Aspiring directors make it real in a virtual environment

Directors have an enormous responsibility to set the ‘tone from the top’, with breakdowns in board behaviour often identified as a contributor to corporate crises and failure.

And with corporate crises in the headlines this year, director education and effectiveness are increasingly under the microscope.

Keen for more insights and to continue my own education, I enrolled in the Effective Director Course (EDC), Governance Institute’s offering for aspiring and new directors.

It’s the women’s exclusive version of the course, launched this year in a highly targeted move to equip more women for senior roles and encourage the next generation of female leaders.

While covering all elements of the EDC curriculum, this stream includes a session on tackling unconscious bias, enhancing influence and impact in the boardroom, strategies for overcoming key cultural challenges, plus a session on securing a board role, or moving to your next.

While the EDC is typically run as a three-day intensive course, this course is more flexible, running over seven weeks as mostly 3.5-hour sessions.

We receive a pack of course materials by email a few days before kick-off and zoom links are saved into calendars.

Logging in for the first session, my new classmates appear one by one on my laptop screen and introductions are soon underway. With the course conducted 100% online, students join from around Australia – from Sydney CBD to the Melbourne suburbs (in lockdown at the time), to Darwin, Perth and Brisbane.

We introduce ourselves and outline our boardroom experiences, if any, so far. We are encouraged to switch off phone notifications and put our emails on hold for a few hours, and we soon learn that our facilitator Julie Garland McLellan is very adept at keeping those tempted to multitask (me!) on our toes, swiftly bringing participants back into the ‘room’ by seeking our thoughts or posing a question.

It’s a friendly, polite group, with many of us fitting in study into busy work and family lives. Most participants are keen to upskill to help secure a board position, or progress in their board career, while some are in-between roles and keen to finetune their skills as they tackle the job-hunt.

We soon start to drill down into the key elements of a high-performing board, including the role and responsibilities of directors plus the relationship between the board, governance and culture.

The duties of directors are outlined, and we learn about the board and their role in the performance of the organisation - and how a high-performing board can make a more positive impact.

Next up is a module on ‘director dynamics’ and we examine how directors communicate – and how we can challenge our assumptions and decision-making styles.

We are equipped with new negotiation techniques, learn the key to (and difference between) persuasion and influence and find out how to use different styles of questions to gather information.

The next session is dedicated to ‘the board room experience’ where all participants are assigned a persona for a fictitious board meeting, with the course facilitator acting as CEO. It’s an eye-opening and at-times quite entertaining experience that helps brings the learnings so far to life.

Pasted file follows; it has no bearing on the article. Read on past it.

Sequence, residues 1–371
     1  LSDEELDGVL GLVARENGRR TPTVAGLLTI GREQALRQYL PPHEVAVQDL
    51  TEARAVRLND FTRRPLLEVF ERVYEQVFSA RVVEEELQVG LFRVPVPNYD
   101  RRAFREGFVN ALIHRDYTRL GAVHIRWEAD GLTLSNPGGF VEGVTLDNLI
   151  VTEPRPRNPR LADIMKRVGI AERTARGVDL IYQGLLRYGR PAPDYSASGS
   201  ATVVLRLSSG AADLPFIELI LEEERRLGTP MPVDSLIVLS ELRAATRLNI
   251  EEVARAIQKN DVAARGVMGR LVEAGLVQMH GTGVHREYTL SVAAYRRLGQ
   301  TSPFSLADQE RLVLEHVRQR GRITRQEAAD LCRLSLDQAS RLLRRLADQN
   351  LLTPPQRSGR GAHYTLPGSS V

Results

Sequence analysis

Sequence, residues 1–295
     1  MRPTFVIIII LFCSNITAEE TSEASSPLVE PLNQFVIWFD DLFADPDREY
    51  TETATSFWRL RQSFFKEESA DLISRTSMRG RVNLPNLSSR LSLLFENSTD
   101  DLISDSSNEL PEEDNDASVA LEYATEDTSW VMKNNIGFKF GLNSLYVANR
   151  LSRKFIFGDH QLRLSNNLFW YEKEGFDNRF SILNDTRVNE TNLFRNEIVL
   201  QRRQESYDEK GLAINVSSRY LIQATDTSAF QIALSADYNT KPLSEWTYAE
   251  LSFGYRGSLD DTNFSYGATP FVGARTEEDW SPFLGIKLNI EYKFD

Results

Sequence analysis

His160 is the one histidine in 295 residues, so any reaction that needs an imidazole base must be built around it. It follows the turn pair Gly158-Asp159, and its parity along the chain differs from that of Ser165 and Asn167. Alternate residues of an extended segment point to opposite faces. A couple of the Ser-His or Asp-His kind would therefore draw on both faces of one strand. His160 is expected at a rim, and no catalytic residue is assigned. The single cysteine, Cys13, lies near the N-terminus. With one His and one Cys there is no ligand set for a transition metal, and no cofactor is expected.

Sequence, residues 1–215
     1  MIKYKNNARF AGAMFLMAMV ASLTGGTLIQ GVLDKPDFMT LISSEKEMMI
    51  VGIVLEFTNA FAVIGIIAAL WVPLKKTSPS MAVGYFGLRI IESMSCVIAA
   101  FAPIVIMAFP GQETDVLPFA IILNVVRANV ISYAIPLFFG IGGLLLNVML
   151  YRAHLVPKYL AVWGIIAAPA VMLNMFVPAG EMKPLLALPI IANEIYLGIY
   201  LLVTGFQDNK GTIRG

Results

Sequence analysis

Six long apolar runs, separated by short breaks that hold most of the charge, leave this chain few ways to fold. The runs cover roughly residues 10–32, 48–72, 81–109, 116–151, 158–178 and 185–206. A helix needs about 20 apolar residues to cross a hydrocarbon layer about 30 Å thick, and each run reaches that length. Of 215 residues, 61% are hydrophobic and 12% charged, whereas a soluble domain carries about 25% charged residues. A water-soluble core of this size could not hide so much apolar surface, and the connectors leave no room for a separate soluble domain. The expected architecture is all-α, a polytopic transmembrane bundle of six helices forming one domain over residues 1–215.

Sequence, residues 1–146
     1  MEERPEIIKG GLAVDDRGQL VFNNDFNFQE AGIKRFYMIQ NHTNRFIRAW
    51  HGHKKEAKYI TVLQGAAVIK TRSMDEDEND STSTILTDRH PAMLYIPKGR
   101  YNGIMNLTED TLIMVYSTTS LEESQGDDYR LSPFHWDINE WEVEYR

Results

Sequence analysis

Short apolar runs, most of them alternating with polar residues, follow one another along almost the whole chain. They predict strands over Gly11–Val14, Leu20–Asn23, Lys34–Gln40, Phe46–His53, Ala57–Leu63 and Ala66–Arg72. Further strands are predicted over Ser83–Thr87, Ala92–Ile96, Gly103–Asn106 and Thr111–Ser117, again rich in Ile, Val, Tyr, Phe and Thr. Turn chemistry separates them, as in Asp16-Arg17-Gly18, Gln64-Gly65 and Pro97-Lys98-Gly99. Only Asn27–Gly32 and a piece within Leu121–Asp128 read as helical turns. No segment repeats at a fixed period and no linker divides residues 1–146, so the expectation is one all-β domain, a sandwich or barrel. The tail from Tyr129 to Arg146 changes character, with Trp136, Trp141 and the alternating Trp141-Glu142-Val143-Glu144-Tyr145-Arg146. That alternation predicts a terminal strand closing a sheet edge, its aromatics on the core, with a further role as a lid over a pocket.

We hear the latest on unconscious bias challenges in the workplace from Diversity Australia’s Dr Cate Borness, and the final session, run by Women on Board’s Claire Braund, drills down on how to secure a board position or progress to your next board role.

It’s a fast moving and to-the-point session and the small class numbers mean Claire can offer individual tips and thoughts. A package of resources sent post-session includes a board CV template and action plan.

As well as the classroom-based sessions, there are three written assessments. Thankfully they are not too lengthy but do require a review of the course materials and some critical thinking. I squeeze the writing in during the quiet of the early mornings on weekends, when my two young whirlwind daughters are still fast asleep.

I embarked on the Effective Director Course eager to experience Governance Institute’s new flagship offering, an information gathering exercise given these are key issues that we are often cover in our articles, speaking engagements and in the media.

But I’ve walked away intrigued and inspired by the potential of those in the boardroom to impact and influence so may crucial aspects of an organisation – and therefore society.

I’ve learnt how to listen more actively, how to think more deeply and how to question my assumptions – all skills that I have been using daily since the conclusion of the course.

And it has made me wonder if perhaps I might even be an aspiring ‘effective director’ after all, and if so, how I might be best placed to direct these aspirations.

I end the last Zoom session feeling inspired but also a little sad that the weekly catch ups with the group have come to an end.

Some of us have connected on LinkedIn and I will certainly be watching out for everyone’s future board careers with great interest.

Find out more about Governance Institute’s Effective Director Courses and upcoming course locations here.

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